In the context of the original trilogy of Star Wars movies, we tend to just accept that Yoda is right. Yoda is always right. And, at one point, he probably was right. Well, definitely, at one point, he was right. The Force was in balance, kept that way through the will of the Father. However, by the time Yoda is stating this to Luke, that the Dark Side is not stronger, the Force is out of balance, and the Dark Side is most definitely in ascendance. The Son has shifted the balance.

There's also what is probably very important stuff with Ahsoka. Definitely foreshadowing. I know that Ahsoka comes back in Rebels, though I'm not that far into it, yet, but I don't know if this has to do with what is going to happen there or if it has to do with anything that's going to happen in the new trilogy [There has been a lot of speculation and rumors about Ahsoka appearing in the episode eight or nine.] or if it's just a plot line that got left blowing in the wind due to Disney dropping Clone Wars. Whether it comes back or not is immaterial, I suppose, considering it's good stuff in this episode.

All of this is also a direct repercussion of Anakin turning down his role as the Chosen One. In the typical story of this nature, the "chosen one" character ends up being compelled in some way to take up the role, but, as we saw last episode, Anakin refused to be the guy to maintain the balance in the Force. Which begs the question, "Is he still the Chosen One?" Does what happens later in both Revenge of the Sith and Return of the Jedi come out of his status as Chosen One or is it because of his refusing to be that person?

I hope in some way Star Wars addresses what happens in this trilogy arc.

Monday, July 18, 2016

"From Beyond" (a book review post)

First, yes, I am still working my way through these; I just haven't read any in a couple of months. The one thing I'm discovering about Lovecraft is that all of his stories are only of a few varieties. Over time, it makes them all blur together. The break was not purposeful; it was because every time I opened the book I found I didn't feel like reading Lovecraft at that moment, knowing exactly what to expect. I don't know if it was having had a break from him or if this was a better story than the average, but I enjoyed this one more than the last few that I read (ones I didn't bother to review individually because of a lack of things to say about them).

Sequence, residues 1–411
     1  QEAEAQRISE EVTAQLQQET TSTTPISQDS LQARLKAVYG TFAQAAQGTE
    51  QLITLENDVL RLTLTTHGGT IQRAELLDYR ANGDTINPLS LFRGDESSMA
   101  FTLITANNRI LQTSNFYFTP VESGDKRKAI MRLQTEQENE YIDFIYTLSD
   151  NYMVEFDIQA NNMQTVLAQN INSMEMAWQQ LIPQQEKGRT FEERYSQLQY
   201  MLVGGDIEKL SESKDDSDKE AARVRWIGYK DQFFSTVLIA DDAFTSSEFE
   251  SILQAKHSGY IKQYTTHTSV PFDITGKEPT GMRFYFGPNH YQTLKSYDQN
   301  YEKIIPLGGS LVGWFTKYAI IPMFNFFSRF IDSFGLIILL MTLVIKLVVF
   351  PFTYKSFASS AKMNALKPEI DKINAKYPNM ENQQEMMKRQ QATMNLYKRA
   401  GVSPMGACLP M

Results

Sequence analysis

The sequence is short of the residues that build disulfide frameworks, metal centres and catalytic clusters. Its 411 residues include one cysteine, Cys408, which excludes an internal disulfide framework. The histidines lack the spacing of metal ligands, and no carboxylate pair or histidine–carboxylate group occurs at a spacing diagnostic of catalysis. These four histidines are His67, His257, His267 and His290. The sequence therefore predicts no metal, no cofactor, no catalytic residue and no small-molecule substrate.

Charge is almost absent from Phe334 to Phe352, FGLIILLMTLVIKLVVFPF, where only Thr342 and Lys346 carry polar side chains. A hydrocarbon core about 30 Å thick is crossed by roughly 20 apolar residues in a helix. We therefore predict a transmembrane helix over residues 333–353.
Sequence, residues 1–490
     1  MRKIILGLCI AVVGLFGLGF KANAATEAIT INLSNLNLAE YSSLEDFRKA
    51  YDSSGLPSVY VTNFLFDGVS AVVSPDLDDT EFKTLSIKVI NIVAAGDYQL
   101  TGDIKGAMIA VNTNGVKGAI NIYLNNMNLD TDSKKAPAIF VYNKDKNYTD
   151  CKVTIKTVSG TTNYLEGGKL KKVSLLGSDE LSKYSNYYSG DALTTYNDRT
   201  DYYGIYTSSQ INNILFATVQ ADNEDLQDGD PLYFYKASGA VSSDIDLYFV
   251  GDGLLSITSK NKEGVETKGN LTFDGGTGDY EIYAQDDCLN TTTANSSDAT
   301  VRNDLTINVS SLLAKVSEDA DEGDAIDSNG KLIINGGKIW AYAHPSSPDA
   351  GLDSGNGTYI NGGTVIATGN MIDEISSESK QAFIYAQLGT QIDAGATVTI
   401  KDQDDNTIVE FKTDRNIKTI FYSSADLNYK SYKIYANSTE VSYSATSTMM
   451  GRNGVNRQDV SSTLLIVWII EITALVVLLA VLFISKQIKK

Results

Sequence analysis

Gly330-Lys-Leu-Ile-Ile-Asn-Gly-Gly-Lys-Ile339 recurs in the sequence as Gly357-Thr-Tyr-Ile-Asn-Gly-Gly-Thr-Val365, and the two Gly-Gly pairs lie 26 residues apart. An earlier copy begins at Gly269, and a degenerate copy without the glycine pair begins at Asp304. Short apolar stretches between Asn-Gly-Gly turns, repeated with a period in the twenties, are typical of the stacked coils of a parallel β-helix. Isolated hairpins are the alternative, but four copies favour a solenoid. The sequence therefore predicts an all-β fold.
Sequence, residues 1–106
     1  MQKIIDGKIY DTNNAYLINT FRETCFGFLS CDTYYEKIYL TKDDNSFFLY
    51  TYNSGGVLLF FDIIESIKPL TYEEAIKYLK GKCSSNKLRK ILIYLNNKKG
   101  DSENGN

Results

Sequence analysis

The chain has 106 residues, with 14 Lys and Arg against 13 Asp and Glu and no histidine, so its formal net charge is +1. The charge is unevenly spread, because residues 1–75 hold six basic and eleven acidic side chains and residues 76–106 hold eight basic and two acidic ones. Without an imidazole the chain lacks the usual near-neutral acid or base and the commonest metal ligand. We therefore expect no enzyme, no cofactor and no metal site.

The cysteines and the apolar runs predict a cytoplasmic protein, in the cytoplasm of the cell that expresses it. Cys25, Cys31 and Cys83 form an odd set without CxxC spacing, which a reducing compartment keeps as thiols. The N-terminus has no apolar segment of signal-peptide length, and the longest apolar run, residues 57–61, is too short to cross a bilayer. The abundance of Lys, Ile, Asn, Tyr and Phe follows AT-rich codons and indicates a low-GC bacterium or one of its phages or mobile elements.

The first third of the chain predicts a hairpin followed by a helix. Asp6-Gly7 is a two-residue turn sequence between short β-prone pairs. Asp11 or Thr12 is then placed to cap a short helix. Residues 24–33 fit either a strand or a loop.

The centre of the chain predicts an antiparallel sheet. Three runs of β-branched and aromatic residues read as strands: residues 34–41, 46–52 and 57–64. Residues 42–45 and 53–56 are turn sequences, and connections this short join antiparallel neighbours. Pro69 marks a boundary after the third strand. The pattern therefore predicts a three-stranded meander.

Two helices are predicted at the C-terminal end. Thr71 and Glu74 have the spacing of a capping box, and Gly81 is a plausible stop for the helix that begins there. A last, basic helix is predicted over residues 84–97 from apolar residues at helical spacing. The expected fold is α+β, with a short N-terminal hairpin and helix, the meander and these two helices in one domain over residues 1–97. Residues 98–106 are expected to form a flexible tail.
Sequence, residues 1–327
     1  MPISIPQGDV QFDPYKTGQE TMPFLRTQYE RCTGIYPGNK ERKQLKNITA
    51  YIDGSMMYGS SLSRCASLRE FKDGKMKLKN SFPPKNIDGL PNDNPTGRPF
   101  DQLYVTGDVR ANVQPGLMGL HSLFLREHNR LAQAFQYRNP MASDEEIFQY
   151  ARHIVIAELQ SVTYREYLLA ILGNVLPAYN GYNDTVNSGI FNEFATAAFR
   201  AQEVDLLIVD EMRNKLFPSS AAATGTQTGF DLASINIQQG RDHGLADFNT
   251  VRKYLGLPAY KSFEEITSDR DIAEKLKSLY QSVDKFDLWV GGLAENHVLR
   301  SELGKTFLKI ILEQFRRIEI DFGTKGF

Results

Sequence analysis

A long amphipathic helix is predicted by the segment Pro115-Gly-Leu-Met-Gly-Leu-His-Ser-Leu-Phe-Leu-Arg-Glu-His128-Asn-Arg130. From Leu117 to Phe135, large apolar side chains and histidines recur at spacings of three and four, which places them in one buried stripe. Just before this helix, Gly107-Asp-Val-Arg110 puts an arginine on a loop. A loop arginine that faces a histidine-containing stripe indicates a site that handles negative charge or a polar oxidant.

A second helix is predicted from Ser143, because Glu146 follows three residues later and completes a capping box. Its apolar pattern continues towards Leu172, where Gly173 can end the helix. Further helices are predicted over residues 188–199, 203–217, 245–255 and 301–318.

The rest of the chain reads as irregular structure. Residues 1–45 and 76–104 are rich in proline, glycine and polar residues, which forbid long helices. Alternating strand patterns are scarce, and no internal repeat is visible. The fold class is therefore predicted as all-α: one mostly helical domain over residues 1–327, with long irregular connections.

"From Beyond" has a slight twist on most of the stories I've read by Lovecraft so far while still having the same basic foundation. It's a story about a man, Crawford Tillinghast, who has developed a way to see the hidden worlds all around us. In this, it is very similar to most other Lovecraft stories but, in execution, it is most like "The Terrible Old Man."

This is not a new thought for me, but it's one I don't believe I've stated before in any of the Lovecraft reviews I've done:
Lovecraft seems to owe a lot to Robert Louis Stevenson and his Strange Case of Dr. Jekyll and Mr. Hyde. Not that I know that Lovecraft read Stevenson, but I find it difficult to imagine that he would not have considering the similarities between the two authors in their physical conditions (both sickly) and the similarity in style of most of Lovecraft's short stories to Jekyll & Hyde. That style being an unnamed narrator telling a story about a friend suffering the consequences of, usually, some sort of insatiable curiosity. This one, "From Beyond," is closer to Jekyll & Hyde than most.

Back in the early 90s, there was a comic book, Dark Dominion, which dealt with the idea that there was a world of demons that overlapped our own. One man, Michael Alexander, was able to see these demons as they coexisted with us. It was a darkly interesting idea that ended way too soon. I don't know if Jim Shooter, the creator of the series, read Lovecraft, but you can see those same ideas in "From Beyond." I don't know of anyone earlier than Lovecraft writing about these kinds of things in this kind of way. This is not the only of Lovecraft's stories dealing with this idea, but this is the most direct, at least so far. It's short enough that I'm willing to say you should just read it.